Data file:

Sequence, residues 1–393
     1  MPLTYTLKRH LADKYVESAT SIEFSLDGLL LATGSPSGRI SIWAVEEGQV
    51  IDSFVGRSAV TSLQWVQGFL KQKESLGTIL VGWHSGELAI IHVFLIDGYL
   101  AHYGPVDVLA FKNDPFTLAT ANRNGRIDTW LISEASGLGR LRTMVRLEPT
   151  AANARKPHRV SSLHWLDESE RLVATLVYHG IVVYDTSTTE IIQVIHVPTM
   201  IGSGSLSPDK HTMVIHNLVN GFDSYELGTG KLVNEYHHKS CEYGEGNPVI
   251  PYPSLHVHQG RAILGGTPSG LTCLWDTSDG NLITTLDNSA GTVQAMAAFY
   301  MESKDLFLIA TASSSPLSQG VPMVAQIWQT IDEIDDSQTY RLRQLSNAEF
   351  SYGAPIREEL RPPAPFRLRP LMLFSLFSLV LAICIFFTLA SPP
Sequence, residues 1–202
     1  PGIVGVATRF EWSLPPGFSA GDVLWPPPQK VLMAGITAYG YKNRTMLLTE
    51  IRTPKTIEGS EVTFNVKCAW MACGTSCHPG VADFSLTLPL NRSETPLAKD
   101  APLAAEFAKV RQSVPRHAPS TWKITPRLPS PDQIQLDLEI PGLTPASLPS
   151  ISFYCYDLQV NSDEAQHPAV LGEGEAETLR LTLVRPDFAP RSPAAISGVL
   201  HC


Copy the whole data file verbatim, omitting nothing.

Sequence, residues 1–393
     1  MPLTYTLKRH LADKYVESAT SIEFSLDGLL LATGSPSGRI SIWAVEEGQV
    51  IDSFVGRSAV TSLQWVQGFL KQKESLGTIL VGWHSGELAI IHVFLIDGYL
   101  AHYGPVDVLA FKNDPFTLAT ANRNGRIDTW LISEASGLGR LRTMVRLEPT
   151  AANARKPHRV SSLHWLDESE RLVATLVYHG IVVYDTSTTE IIQVIHVPTM
   201  IGSGSLSPDK HTMVIHNLVN GFDSYELGTG KLVNEYHHKS CEYGEGNPVI
   251  PYPSLHVHQG RAILGGTPSG LTCLWDTSDG NLITTLDNSA GTVQAMAAFY
   301  MESKDLFLIA TASSSPLSQG VPMVAQIWQT IDEIDDSQTY RLRQLSNAEF
   351  SYGAPIREEL RPPAPFRLRP LMLFSLFSLV LAICIFFTLA SPP
Sequence, residues 1–202
     1  PGIVGVATRF EWSLPPGFSA GDVLWPPPQK VLMAGITAYG YKNRTMLLTE
    51  IRTPKTIEGS EVTFNVKCAW MACGTSCHPG VADFSLTLPL NRSETPLAKD
   101  APLAAEFAKV RQSVPRHAPS TWKITPRLPS PDQIQLDLEI PGLTPASLPS
   151  ISFYCYDLQV NSDEAQHPAV LGEGEAETLR LTLVRPDFAP RSPAAISGVL
   201  HC